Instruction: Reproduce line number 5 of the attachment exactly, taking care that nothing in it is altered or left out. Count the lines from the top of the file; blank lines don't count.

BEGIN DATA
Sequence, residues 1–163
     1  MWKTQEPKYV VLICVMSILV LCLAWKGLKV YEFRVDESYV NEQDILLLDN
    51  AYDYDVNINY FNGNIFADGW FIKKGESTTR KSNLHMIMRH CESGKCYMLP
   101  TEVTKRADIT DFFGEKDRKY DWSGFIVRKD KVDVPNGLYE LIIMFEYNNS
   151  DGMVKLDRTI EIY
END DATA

   151  DGMVKLDRTI EIY